endpoint-version OR min-endpoint-version, max-endpoint-version

The major version of the service the user desires to work with. Optional.

An endpoint version is inherently a range with a minimum and a maximum value. Whether it is presented to the user as a single parameter or a pair of parameters is an implementation detail.

Each endpoint version is a string with one (3) or two (3.1) numbers, separated by a dot.

Warning

Care has to be taken to not confuse major versions consisting of two numbers with microversions. Microversions usually exist within a certain major version, and also have a form of X.Y. No services currently use both major versions and microversions in the form of X.Y.

Version strings are not decimals, the are a tuple of 2 numbers combined with a dot. Therefore, 3.10 is higher than 3.9.

A user can omit the endpoint-version indicating that they want to use whatever endpoint is in the {service-catalog}.

A user can desire to work with the latest available version, in which case the {endpoint-version} should be latest. If s {min-endpoint-version} is latest, {max-endpoint-version} must be omitted or also latest.

A version can be specified with a minor value of latest to indicate the highest minor version of a given major version. For instance, 3.latest would match the highest of 3.3 and 3.4 but not 4.0.

If the parameter is presented as a single string, a single value should be interpreted as if {min-endpoint-version} is the value given and {max-endpoint-version} is MAJOR.latest. For instance, if 3.4 is given as a single value, {min-endpoint-version} is 3.4 and {max-endpoint-version} is 3.latest.

It may seem strange from an individual user perspective to want a range or latest - but from a library and framework perspective, things like shade or terraform may have internal logic that can handle more than one version of a service and want to use the best version available.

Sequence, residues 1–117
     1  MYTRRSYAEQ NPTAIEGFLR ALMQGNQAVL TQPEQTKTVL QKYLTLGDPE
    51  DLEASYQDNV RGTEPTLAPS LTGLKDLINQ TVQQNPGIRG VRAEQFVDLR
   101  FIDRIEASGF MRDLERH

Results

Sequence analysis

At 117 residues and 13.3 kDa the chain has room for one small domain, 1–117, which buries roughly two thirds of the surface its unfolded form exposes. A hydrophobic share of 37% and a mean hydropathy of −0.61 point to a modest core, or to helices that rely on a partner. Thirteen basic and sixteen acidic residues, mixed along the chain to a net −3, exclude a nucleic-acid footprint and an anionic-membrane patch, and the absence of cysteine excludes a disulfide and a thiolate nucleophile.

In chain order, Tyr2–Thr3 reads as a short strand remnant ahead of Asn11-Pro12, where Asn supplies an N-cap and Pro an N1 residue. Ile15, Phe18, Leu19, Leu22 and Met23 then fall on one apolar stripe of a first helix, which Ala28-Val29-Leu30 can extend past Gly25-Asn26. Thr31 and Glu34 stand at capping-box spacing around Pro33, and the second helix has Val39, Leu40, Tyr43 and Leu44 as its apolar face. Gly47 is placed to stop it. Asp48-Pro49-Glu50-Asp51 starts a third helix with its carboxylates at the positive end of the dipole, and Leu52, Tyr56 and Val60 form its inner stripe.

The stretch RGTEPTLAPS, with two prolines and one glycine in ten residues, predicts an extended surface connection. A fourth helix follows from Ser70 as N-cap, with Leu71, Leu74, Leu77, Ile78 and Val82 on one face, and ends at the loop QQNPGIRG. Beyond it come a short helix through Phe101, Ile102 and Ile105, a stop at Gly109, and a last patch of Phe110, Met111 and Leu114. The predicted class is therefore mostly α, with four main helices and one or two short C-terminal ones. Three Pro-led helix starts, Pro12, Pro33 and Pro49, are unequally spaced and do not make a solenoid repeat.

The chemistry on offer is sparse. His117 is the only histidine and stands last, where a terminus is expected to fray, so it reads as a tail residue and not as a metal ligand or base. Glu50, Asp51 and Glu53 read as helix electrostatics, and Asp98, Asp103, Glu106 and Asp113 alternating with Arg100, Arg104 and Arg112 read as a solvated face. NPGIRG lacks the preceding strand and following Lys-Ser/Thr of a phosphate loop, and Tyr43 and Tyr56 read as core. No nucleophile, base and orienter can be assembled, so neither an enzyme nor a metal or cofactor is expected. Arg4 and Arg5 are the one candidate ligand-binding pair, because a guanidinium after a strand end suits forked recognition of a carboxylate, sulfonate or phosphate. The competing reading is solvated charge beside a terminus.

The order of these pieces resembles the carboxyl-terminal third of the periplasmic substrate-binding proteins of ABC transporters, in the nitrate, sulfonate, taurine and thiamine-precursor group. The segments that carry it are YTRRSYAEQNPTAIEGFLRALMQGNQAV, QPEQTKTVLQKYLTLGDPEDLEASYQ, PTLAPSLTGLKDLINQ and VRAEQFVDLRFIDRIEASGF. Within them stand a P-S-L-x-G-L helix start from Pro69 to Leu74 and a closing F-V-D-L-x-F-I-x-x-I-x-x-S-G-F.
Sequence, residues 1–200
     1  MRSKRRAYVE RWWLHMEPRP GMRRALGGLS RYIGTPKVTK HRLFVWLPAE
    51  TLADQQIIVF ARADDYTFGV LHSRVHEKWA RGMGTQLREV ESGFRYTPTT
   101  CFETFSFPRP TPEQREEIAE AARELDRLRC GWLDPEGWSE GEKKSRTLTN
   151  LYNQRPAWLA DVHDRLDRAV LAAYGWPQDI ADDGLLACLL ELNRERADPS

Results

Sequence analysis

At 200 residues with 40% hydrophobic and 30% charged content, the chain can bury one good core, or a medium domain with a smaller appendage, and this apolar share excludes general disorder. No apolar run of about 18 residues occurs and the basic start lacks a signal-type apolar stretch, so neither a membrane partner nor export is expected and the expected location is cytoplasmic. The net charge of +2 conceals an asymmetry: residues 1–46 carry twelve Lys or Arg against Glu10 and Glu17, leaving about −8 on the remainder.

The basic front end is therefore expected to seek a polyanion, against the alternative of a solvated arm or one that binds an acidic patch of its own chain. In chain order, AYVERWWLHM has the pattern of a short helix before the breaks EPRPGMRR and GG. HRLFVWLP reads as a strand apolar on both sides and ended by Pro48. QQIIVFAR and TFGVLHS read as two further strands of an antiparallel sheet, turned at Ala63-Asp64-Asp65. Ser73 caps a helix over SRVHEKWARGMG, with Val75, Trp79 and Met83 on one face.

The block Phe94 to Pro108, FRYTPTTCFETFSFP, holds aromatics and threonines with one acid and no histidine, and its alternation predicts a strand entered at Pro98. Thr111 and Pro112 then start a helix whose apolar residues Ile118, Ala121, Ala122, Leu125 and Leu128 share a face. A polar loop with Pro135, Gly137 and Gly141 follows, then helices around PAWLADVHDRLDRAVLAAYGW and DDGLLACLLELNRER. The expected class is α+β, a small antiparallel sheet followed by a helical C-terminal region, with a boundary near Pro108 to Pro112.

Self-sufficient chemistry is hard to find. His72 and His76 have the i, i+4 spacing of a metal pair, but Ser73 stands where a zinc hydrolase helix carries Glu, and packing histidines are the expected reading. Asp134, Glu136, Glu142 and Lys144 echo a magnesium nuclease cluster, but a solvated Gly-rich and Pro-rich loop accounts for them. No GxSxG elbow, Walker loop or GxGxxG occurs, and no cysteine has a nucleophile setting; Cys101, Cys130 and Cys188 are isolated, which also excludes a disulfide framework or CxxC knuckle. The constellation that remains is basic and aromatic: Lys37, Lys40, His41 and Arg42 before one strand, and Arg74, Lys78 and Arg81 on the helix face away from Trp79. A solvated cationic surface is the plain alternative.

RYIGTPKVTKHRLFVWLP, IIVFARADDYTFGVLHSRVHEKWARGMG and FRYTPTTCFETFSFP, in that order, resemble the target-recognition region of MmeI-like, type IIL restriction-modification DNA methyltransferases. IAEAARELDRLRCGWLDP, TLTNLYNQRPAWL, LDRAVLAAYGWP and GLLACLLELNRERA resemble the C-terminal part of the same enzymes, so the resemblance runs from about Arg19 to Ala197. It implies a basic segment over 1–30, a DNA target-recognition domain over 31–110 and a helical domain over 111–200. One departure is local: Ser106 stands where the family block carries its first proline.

Note

Guidance around ‘latest’ is different from that found in the microversion specification. It is acceptable for a client library or framework to be interested in the latest version available but such a specification is internal and not sent to the server. In the client case with major versions, latest acts as an input to the version discovery process.

service-name

Arbitrary name given to the service by the deployer. Optional.

Note

In all except the most extreme cases this should never be needed and its use as a meaningful identifier by Deployers is strongly discouraged. However, the Consumer has no way to otherwise mitigate the situation if their Deployer has provided them with a catalog where a service-name must be used, so service-name must be accepted as input. If {be-strict} (see below) has been requested, a user supplying {service-name} should be an error.

service-id

Unique identifier for an endpoint in the catalog. Optional.

Note

On clouds with well-formed catalogs service-id should never be needed. If {be-strict} has been requested, supplying {service-id} should be an error.

endpoint-override

An endpoint for the service that the user has procured from some other source. (Optional, defaults to omitted.)

Discovery Behavior Modifiers

The user may also wish to express alterations to the general algorithm. Implementations may present these flags under any name that makes sense, or may choose to not present them as behavioral modification options at all.

be-strict

Forgo leniant backwards compatibility concessions and be more strict in input and output validation. Defaults to False.

skip-discovery

If the user wants to completely skip the version discovery process even if logic would otherwise do it. This is useful if the user has specified an {endpoint-override} or they know they just want to use whatever is in the catalog and do not need additional metadata about the endpoint. Defaults to False

fetch-version-information